Half the Night is Gone review: Familial element

Half the Night is Gone review: Familial element

Half the Night Is Gone by Amitabha Bagchi goes the full way — and more — across time and space. The reader is transported to the turn of the 20th century when the colonised country was going through continuous death as well as birth pangs. The novel is not about stark poverty but the evolution of an entrepreneurial family, its religious and moral beliefs and conflicts and how they impact existing systems.

The narration is an interesting interweave, if not a jumble, of multiple characters from different classes, mindsets and experiences. The plot is simple but seems complex due to the interlocking of the lives of three brothers and many tertiary characters, who represent the various classes during the 20th century. Lala Motichand is the head of a patriarchal business family. Dinanath, the elder son, is heir to the business as well as approach. He typifies the mercantile class — opportunistic and rather hypocritical, yet responsible and industrious, the drivers of the national ship.

Diwanchand, the second son, is a religious and literary acolyte and the complete antithesis of Dinanath in temperament as well as interest. He represents the dreaming classes, the artistic, self-absorbed persons who absolve responsibility.

Makhan Lal, the third, illegitimate son, is a Marxist schoolteacher, who carries a baggage of rage from his past into his father’s world, but is not able to become integral to the core. He represents the marginalised, oppressed classes that are raging and even violent for having been deprived of their rights, as well as resources.

The book opens and ends with tertiary characters, a servant and his grandson, who give the lateral viewpoints and objective comments on the characters, from the sidelines. All the stories are documented and seemingly crafted by another character, a modern, award-winning Hindi novelist, Vishwanath, who is a clerk and the son of a cook. His own simple-complex life in a globalised world emerges through an epistolary narrative in the 21st century. His self-introspection, regret and crumbling professional aspirations and relationships are reflected as well as refracted through the prisms of the business family.

The jump in character, plot and narration is a bit bemusing for a while, but when the map gets clearer the subtle overlap of eras, ideologies and mindsets get stronger.

The Hindi literary intellectual is not a right-winger, but rages against Nehru, the “degenerate anglophile” who had founded “third-rate secularism”. Yet, he also rues against the “people who were bent on destroying the remaining vestiges of the dream that Mahatma Gandhi and Nehru had dreamt…” He sums up the modern Indian tragedy by observing that the English atheist rulers had “no ideas of the depth of feeling that religion evokes in our people…”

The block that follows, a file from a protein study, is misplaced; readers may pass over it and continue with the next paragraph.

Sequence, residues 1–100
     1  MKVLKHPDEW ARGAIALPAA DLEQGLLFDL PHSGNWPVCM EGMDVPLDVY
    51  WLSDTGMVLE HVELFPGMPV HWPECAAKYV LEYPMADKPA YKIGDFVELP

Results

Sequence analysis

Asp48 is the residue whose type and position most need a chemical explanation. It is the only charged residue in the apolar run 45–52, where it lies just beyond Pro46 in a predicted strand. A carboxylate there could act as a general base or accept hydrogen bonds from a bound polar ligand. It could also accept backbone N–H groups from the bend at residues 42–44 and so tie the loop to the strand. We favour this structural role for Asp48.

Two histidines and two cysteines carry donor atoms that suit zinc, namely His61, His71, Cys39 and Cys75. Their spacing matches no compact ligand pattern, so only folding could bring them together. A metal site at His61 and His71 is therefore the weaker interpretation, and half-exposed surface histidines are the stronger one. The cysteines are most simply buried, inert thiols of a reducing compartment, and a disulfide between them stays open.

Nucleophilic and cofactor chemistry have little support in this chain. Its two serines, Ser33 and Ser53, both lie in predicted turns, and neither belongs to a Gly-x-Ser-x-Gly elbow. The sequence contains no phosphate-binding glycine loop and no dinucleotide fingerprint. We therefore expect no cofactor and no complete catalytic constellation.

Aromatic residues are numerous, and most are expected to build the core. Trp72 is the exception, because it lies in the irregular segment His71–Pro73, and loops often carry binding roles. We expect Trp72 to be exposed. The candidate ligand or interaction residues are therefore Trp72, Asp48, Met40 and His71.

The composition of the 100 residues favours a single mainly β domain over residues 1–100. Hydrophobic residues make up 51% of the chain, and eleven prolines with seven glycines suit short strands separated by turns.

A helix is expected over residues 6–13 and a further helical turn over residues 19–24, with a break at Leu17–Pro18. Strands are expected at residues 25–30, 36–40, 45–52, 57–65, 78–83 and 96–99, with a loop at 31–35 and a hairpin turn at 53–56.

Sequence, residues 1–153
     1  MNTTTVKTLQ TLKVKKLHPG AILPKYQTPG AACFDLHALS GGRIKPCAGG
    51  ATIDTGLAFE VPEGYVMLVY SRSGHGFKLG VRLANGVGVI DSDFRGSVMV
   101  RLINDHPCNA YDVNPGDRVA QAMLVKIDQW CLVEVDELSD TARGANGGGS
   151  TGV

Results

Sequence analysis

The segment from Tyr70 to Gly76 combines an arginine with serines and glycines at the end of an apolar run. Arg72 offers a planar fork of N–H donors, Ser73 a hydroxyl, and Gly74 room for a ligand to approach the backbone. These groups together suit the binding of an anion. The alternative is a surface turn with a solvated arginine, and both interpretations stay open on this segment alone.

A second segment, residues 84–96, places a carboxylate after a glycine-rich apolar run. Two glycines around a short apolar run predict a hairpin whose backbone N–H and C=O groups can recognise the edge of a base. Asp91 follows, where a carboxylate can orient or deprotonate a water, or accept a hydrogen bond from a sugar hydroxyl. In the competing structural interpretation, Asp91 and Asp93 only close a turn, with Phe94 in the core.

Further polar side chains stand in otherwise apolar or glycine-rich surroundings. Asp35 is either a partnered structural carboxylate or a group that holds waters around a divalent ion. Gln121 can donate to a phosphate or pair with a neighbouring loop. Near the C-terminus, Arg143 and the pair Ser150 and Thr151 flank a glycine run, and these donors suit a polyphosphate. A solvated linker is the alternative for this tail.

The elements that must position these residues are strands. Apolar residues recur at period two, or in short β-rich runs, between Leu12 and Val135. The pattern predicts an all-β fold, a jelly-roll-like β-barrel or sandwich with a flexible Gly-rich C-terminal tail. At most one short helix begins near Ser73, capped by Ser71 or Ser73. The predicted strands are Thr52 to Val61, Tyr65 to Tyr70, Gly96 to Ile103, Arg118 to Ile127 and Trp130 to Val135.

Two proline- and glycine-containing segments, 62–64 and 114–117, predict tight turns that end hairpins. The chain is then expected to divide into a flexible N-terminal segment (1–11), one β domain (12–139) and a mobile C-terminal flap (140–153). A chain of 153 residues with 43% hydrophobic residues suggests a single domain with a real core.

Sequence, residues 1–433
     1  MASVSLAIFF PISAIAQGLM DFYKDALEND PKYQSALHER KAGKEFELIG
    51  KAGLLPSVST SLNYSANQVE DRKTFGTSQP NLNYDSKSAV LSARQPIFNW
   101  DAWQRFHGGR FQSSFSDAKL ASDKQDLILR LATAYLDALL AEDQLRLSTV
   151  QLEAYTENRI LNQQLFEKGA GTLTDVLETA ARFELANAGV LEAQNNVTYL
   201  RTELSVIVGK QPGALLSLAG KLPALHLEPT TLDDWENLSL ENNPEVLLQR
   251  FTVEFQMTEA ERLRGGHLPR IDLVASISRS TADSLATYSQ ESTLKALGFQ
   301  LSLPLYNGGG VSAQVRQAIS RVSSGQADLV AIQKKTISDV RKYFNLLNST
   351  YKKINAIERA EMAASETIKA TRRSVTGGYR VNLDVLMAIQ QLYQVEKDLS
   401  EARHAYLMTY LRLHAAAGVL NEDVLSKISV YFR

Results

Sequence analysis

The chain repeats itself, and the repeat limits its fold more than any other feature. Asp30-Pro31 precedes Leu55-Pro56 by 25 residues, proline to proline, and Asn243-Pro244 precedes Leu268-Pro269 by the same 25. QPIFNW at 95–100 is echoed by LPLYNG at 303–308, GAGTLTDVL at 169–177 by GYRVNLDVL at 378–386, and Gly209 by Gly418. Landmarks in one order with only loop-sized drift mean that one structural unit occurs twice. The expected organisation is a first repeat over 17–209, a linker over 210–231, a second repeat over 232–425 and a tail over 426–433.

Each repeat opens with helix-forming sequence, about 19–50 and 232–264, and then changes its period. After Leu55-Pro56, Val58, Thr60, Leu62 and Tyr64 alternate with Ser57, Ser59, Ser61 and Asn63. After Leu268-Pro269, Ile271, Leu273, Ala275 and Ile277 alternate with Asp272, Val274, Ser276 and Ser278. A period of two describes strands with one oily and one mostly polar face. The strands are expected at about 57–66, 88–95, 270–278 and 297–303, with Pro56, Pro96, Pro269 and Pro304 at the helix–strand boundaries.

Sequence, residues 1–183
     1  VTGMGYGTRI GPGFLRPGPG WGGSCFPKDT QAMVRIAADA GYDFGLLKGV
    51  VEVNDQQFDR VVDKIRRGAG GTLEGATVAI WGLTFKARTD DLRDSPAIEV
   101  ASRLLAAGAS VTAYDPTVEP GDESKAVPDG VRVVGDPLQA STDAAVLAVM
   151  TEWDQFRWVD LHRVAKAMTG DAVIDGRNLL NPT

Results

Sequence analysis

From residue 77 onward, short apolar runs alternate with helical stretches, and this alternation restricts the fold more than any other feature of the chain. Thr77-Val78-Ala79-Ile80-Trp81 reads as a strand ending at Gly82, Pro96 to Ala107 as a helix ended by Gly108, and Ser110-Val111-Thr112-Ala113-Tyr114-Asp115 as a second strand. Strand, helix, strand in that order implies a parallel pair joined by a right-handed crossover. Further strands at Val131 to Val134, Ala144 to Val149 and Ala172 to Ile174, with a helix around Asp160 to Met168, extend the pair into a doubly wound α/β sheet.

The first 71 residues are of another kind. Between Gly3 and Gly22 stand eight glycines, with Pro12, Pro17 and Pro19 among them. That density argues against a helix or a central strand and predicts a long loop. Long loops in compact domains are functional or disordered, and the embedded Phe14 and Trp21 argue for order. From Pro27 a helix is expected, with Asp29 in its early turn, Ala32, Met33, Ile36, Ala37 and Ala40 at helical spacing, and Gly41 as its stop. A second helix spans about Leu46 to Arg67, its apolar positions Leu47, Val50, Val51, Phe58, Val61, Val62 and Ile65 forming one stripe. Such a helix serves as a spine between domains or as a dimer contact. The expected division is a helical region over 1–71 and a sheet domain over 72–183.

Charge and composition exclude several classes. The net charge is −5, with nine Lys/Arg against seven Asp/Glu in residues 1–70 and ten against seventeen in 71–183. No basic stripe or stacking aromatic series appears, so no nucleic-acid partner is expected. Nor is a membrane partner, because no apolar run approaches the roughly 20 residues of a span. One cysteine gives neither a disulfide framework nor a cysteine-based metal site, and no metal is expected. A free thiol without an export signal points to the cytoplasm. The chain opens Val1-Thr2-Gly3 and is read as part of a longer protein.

Hence, his own love for Ram, a crucial modern God, is also clear, while Tulsidas’s ‘Ramcharitmanas’ is a vital theme and backbone of the novel. Many of the book’s verses are quoted and referenced to unfold the real-life stories of a widow’s ashram, the filial love and duties of fathers, sons, brothers, servants and other individuals belonging to the microcosmic kingdom of Lala Motichand.

The characters too are described, rather than shown, yet they are very nuanced and totally in sync with the times. For instance, the adoration of a young boy towards his older brother, the charming banter and affection between a brother and his bhaabhi, and the surreptitious machination of a servant to wheedle his way into the wealthy master’s house reflect very Indian sensibilities.

The master craftsman and novelist, Amitabha Bagchi is also a narrator, sometimes subtle, and sometimes more obvious. Many of the sub-plots and threads are described and commented upon, rather than allowed to unfold. He describes events, feelings and personalities in detail. His points of view emerge and seem informed, objective, detached as well as gently sarcastic by turn.

For instance, he describes the reactions of the two sons to their father’s death as follows: “Lala Motichand was still alive, if barely so, and so, at least for Dinanath, the thread of attachment was still unbroken, knotted where it had begun to fray…Tulsipremiji…was able to set aside to some extent the notion that there was a Diwanchand within himself who was also able to lose the same father…”

Hence, the novel is broad, expansive and sweeping, yet not strictly epic in proportion. Reading about the wealth and prosperity of the family gives an interesting insight into an earlier world that valued some ways of life that could become oppressive, yet retains the charm of carefully structured relationships. It is not laden with images or metaphors, yet some of them bring a flash of Hindi literature to the reader. For instance: “…the attacker became the attacked and the poisonous darts of jealousy reversed their direction and landed on the chests of those who had launched them.”

Ultimately, the narrative emanates the smell of a vigorous, eminently readable ‘Hindustani’ novel.

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